Ad revenue dipped for conventional TV in 2014: CRTC

Local TV stations lost 5% in local advertising and nearly 8% in national advertising last year, according to a new report from the regulator.
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Conventional broadcasters in Canada continued to feel the pinch of a changing media landscape in 2014, with private TV stations earning $117.1 million less in advertising revenue last year, according to a new report from the CRTC.

Advertising revenue went from $1.94 billion in 2013 to $1.8 billion in 2014. That loss lead to a dip in overall revenues for the stations of 7.2% from 2013 to 2014.

Across Canada, overall local advertising revenues on private local TV stations dropped by 5% in 2014, from $351.2 million in 2013 to $333.6 million in 2014. National advertising revenue on local TV stations dropped 7.8%, moving from $1.2 billion in 2013 to $1.1 billion in 2014.

Quebec’s private local TV ads sales were the only area that saw a positive number in the country last year, jumping 1.4% from 2013 to 2014. National TV sales on local channels in the area dropped 4.6% from 2013 to 2014.

Ontario saw local TV ad sales drop 1.1%, and national TV sales on local TV channels dip 4.2%.

In Atlantic Canada local TV ad sales was down 1.3%, while national TV sales on local TV stations in the area dropped 7.1%.

The Prairies saw a dip of 2.1% on local TV ad sales, while national TV sales on local channels for the area dropped 6.4%.

In British Columbia and the Territories local TV ad sales dropped 4%, while national TV sales on local channels for the area dropped 7.2%.

On the flip side, CBC/Radio-Canada brought in 43% more advertising revenue in 2014, jumping from $331.1 million in 2013 to $474.6 million in 2014. That change was attributed to the Sochi Winter Olympic Games, FIFA Soccer World Cup, and having its final last half season of NHL hockey advertising revenue on the pubcaster.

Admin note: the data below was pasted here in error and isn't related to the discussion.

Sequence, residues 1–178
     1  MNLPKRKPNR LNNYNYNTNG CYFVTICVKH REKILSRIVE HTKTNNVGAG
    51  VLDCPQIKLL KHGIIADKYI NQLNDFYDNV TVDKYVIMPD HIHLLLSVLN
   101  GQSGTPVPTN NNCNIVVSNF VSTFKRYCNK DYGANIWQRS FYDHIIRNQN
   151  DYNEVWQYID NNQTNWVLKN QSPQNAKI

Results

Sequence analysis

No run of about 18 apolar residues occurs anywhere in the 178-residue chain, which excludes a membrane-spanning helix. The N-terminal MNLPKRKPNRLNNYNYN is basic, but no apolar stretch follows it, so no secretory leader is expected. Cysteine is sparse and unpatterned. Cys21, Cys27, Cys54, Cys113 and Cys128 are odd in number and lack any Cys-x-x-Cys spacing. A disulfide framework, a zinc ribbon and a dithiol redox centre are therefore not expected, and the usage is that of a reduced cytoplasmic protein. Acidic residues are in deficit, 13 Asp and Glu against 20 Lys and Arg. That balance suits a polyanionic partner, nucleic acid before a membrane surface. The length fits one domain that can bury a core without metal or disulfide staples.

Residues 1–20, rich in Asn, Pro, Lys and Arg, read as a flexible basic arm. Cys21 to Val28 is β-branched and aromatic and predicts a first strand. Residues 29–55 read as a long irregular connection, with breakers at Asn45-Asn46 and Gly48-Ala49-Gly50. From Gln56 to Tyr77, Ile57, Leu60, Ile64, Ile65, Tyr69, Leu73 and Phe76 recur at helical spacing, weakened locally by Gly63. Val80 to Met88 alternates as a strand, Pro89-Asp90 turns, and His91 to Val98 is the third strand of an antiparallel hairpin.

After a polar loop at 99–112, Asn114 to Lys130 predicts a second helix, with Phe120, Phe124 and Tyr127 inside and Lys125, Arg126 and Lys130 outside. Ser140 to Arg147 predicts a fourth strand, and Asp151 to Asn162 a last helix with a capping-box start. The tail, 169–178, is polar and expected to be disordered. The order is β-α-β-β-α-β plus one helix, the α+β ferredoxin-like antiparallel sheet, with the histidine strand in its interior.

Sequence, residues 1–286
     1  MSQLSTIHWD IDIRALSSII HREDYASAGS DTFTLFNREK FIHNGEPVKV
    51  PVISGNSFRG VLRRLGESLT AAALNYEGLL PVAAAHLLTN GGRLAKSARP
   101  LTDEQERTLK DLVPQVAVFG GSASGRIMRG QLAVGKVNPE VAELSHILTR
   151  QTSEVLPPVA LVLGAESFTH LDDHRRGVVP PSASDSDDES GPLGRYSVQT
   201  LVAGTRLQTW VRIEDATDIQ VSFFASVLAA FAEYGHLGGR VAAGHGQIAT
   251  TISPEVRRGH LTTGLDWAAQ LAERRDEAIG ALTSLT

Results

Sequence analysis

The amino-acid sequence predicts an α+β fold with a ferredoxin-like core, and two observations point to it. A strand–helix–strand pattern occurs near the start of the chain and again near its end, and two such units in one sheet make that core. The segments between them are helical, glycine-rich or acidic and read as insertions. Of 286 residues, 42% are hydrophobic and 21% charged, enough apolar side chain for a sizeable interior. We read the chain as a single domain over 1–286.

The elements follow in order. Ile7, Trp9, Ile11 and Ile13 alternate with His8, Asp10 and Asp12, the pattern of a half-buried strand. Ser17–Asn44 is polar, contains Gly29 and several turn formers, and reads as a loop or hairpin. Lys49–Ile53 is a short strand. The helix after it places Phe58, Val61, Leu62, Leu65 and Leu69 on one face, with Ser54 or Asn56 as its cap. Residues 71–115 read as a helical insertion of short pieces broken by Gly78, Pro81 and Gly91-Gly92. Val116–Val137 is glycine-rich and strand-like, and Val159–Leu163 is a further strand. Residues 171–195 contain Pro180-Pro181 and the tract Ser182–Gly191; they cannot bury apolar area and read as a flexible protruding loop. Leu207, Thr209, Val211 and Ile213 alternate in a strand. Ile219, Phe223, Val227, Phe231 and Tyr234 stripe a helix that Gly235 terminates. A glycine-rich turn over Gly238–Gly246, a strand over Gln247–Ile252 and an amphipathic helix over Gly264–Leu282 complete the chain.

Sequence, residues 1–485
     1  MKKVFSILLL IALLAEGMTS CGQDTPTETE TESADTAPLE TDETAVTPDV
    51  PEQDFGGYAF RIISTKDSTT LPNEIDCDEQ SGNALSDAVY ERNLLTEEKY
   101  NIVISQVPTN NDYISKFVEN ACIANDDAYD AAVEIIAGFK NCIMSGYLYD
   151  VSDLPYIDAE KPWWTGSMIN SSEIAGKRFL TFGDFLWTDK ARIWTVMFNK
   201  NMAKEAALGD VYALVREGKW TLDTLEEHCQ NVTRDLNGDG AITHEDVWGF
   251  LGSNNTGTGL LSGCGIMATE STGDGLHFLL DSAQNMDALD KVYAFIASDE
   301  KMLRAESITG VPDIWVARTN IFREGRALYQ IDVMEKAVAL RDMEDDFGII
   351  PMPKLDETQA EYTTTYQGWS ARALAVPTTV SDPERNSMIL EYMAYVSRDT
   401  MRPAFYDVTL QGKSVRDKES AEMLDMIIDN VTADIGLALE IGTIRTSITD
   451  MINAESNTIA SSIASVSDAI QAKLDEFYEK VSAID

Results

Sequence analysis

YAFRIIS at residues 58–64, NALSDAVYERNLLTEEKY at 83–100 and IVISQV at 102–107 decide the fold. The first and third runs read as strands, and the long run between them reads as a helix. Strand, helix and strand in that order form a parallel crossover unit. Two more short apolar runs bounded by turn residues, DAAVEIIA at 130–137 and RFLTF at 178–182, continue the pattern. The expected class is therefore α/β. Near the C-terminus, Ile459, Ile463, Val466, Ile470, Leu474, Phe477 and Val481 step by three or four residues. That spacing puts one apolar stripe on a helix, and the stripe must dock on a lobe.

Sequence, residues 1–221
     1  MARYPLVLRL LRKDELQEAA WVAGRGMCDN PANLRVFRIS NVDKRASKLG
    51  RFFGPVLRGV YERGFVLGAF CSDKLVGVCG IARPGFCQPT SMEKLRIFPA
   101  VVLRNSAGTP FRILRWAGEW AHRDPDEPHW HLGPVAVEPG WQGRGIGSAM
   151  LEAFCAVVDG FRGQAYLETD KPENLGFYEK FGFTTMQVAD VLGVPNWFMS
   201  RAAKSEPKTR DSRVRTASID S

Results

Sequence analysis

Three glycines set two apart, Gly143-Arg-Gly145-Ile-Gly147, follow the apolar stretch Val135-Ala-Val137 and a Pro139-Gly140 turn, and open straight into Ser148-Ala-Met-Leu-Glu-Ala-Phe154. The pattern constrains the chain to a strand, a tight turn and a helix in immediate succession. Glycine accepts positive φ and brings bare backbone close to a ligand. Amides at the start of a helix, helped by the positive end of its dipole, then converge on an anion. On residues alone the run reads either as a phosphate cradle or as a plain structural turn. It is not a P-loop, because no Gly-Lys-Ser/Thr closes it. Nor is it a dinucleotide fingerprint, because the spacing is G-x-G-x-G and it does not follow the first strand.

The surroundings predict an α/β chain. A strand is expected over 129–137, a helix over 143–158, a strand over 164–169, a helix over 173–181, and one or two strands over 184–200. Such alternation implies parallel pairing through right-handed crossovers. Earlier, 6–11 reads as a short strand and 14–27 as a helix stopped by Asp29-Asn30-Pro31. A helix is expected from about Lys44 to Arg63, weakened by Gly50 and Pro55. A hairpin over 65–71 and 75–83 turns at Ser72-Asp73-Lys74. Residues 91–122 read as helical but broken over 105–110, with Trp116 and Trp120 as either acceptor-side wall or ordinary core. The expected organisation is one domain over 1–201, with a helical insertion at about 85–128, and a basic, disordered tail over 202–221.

CBC/Radio-Canada spent a total of $810 million on programming in 2014, 97% of which was on Canadian shows.

Investment in programming on conventional TV stations was basically even, with an increase of less than 1% in 2014 for a total of $1.3 billion. Sales and promotion was also up slightly over 2013, coming in at $188 million in 2014.

Conventional broadcasters spent a total of $717 million on non-Canadian programming in 2014.

Investment in the Local Programming Improvement Fund (LPIF), which is being phased out, was down 45.49% in 2014, coming in at $21 million.

Canadian private local TV stations invested more in Canadian programming in 2014, jumping from $605.4 million in 2013 to $619.3 million last year. The industry employed over 5,900 people in 2014.

Local TV stations invested $60.4 million in drama series, $5.3 million in feature films, $84.7 million in general interest programs, $361.1 million in news programs, $6.3 million in long-form documentaries, $29.3 million in other information programs, $22.3 million on music and variety shows, $1.1 million on sports programming, $19 million on game shows, $25.5 million on reality TV shows, $3.7 million on award shows and $500,000 on other programs.

As part of those investments, local TV stations paid $138 million to Canadian independent producers.

The CRTC will be releasing 2014 numbers for cable and satellite companies, specialty, pay, pay-per-view, video-on-demand services and AM and FM radio.